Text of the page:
Yugoslavia

Statute of the International Criminal Tribunal for Rwanda

15.Rome Statute of the International Criminal Court, 17 July 1998

16 Optional Protocols to the 1954 Convention for the Protection of
Cultural Property in the Event of Armed Conflict, 26 March 1999
International Armed Conflict

17. Statute of the Special Court for Sierra Leone, 16 January 2002

18. Universal Declaration of Human Rights, 1948

19. 1980 convention on prohibitions or restriction on the use of certain weapons, which may be deemed excessively injurious, or to indiscriminative effects. Geneva 1980

20. The convention against torture The Convention Against Torture and Other Cruel and Inhuman and degrading treatment or Punishment of 1984





















3.0 General introduction

International humanitarian law (IHL), often referred to as the laws of war, the laws and customs of war or the law of armed conflict, is the legal corpus "comprised of the Geneva Conventions and the Hague Conventions, as well as subsequent treaties, case law, and customary international law." It defines the conduct and responsibilities of belligerent nations, neutral nations and individuals engaged in warfare, in relation to each other [1]

IHL also known as the law of armed conflicts or the law of war is the body of rules which, in wartime protects persons who are not or no longer participating in the hostilities. It limits the methods and means of warfare. The two branches of IHL draw their names from the cities where each was initially codified. But after establishment of additional protocols of 1977 the two branches wee combined, now that distinction is of merely historical and didactic value.

The law of Geneva was designed to safeguard the civilians and military personnel who no longer take part in hostility also known as While the law of The Hague establishes the rights and obligations of belligerents in the conduct of hostility, military operations and limits the means of harming the enemy. Currently the four Geneva conventions[2] and their additional protocols of 1977[3], 1980[4] and protocol of 2006[5] are the main principal instruments of IHL






Objectives of IHL
Restricts the right of the parties to a conflict to use the means and methods of warfare of their choice
Protects persons and property affected or liable to be affected by the conflict

Generally IHL was originally emerged as the branch of international law to care the wounded and sick at the time of war[6] IHL never work it self, there is general framework of relations between IHL and the other bodies of law .In this essay we shall discuss the way IHL interplay with branches of laws in violence situations. These branches are International refugee law, International Criminal law and International human rights law. My focus will base on protected persons, displaced persons, and deprivation of liberty, judicial guarantees, the use of force and Mechanisms for the implementation /enforcement and relief actions.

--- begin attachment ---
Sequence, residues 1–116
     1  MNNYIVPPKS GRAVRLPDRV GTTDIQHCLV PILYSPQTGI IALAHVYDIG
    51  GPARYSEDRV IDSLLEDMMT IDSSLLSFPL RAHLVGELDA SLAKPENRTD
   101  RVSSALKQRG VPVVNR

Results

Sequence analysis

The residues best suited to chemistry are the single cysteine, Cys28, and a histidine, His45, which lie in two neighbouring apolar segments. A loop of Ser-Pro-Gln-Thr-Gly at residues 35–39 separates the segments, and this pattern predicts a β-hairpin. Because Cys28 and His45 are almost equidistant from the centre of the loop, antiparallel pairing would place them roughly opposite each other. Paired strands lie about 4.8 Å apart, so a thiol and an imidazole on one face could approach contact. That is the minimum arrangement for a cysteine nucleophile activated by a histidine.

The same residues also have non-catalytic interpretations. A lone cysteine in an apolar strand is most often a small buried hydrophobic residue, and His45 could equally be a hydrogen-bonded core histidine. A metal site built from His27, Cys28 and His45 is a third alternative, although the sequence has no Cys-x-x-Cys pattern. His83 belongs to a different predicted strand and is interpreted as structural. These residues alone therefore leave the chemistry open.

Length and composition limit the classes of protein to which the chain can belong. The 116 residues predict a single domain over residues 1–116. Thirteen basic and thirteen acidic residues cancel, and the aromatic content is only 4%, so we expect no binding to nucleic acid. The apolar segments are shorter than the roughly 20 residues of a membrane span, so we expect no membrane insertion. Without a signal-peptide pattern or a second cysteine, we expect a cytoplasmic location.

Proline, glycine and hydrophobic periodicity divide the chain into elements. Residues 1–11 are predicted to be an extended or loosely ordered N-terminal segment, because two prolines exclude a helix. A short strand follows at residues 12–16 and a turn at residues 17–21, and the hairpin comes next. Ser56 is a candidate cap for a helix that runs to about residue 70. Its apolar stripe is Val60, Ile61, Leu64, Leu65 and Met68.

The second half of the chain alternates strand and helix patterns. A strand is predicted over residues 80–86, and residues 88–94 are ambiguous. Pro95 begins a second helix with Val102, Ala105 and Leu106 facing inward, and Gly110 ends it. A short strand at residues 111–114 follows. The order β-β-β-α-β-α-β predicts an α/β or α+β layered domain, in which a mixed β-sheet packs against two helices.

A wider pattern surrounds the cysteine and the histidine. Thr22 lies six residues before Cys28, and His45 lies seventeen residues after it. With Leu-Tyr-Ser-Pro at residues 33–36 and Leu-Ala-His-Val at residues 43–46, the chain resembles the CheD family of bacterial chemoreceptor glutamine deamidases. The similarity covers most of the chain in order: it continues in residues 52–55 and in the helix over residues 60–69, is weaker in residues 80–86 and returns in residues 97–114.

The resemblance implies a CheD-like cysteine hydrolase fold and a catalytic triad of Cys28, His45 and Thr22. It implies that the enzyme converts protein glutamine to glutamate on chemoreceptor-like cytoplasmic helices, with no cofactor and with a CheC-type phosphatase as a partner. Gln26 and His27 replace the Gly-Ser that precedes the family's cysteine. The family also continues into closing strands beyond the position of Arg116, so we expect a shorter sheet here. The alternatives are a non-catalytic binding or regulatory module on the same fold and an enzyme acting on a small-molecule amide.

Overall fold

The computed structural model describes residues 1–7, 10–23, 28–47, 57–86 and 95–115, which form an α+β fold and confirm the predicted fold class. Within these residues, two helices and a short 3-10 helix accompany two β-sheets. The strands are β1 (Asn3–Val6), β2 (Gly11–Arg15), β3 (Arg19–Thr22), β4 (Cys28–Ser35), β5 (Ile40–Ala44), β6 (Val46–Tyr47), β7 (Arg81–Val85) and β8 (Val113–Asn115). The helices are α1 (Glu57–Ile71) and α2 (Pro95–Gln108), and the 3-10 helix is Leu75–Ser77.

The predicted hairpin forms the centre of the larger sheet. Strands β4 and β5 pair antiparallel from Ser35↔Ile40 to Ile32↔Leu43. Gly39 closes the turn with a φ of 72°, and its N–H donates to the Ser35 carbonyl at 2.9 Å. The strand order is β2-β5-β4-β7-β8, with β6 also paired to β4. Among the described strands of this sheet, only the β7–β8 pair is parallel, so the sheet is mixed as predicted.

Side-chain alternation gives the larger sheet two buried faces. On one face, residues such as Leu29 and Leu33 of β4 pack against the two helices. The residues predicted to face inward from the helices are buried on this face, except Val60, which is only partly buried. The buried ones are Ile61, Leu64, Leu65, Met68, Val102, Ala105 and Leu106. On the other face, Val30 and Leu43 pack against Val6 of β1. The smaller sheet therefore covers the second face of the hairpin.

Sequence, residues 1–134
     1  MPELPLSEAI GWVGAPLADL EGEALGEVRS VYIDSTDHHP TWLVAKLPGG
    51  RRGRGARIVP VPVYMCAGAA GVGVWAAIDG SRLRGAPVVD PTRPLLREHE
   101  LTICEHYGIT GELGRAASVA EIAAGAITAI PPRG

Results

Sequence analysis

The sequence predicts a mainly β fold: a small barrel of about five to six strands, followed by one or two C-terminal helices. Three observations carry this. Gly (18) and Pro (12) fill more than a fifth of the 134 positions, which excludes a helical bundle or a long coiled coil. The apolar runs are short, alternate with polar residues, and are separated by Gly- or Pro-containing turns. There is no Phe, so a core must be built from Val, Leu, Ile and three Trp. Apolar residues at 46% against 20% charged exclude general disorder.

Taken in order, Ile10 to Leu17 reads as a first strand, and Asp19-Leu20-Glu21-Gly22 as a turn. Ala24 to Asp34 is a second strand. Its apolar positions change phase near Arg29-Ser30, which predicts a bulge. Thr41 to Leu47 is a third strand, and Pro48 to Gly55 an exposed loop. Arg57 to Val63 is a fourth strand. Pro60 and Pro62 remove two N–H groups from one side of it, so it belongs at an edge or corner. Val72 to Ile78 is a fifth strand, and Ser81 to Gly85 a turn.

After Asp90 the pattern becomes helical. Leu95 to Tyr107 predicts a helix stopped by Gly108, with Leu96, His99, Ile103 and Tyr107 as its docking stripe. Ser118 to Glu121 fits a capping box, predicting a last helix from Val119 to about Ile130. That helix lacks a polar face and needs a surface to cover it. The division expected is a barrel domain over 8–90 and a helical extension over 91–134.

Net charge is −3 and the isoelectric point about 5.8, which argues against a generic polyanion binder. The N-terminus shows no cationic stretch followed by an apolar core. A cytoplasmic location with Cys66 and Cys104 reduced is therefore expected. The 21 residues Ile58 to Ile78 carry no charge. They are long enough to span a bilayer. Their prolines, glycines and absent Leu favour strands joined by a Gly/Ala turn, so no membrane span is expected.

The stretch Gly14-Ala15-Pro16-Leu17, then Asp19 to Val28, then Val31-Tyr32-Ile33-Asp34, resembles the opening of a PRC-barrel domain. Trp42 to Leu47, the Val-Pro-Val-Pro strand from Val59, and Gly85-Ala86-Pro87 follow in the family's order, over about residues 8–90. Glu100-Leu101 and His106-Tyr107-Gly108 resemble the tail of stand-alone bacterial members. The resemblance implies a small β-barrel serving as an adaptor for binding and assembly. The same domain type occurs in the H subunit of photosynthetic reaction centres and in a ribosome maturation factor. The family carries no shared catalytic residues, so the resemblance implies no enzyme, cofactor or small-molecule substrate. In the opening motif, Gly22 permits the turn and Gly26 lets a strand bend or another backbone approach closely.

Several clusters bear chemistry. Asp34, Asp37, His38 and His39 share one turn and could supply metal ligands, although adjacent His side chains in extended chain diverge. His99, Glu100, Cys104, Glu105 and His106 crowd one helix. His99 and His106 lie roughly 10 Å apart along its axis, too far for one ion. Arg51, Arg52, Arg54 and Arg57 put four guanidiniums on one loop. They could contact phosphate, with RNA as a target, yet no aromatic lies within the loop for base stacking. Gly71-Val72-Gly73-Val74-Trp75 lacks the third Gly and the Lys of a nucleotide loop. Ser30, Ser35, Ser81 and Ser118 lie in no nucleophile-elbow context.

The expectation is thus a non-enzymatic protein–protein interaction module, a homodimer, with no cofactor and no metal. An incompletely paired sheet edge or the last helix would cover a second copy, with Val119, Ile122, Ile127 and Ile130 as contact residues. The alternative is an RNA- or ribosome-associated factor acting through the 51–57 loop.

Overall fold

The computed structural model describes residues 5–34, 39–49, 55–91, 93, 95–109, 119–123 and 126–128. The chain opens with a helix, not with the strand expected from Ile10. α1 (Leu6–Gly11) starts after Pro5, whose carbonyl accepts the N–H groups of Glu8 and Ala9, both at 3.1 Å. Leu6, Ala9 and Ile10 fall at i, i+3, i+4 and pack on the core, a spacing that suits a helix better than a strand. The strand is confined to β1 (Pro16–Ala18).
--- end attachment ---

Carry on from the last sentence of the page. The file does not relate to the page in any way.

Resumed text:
4.0 The interplay between IHL and Human Rights Law
International human rights law and IHL are two branches of International law with common purpose. Human rights law establishes rules for harmonious development of individual in society. The main purpose is to safeguard dignity.[7]

4.1 Application
It is form 1940’s after 1984 UDHR that protection under human rights and IHL began to overlap. The 1864 convention sought to protect the combatant from state of action or the combatant. Following World War II the general conventions were revised to extend the protections of humanitarian law in light of experience. Then those expansions began to overlap with emerging schemes being the protection of individuals.[8]

States have obligation under the human rights law to protect the citizens. This principle is implicitly in famous obiter dictum of ICJ in the Barcelona Traction Case in which it classifies under the obligation Erga Omnes (the rule concerning the basic rights of human being[9] But the same regime in constitutional law and international instrument after World war two came with derogation clauses where during serious civil unrest or insurgency constitutional guarantee are suspended or made inoperative.

It is certainly no coincidence that common Article 3 to GC contains some rights, which were later, formulated as non-derogable rights under the human rights conventions. GC were adopted one year after UDHR.Then under common article 3 binding force was given to those provisions of UDHR, which were considered to be essential under all circumstances.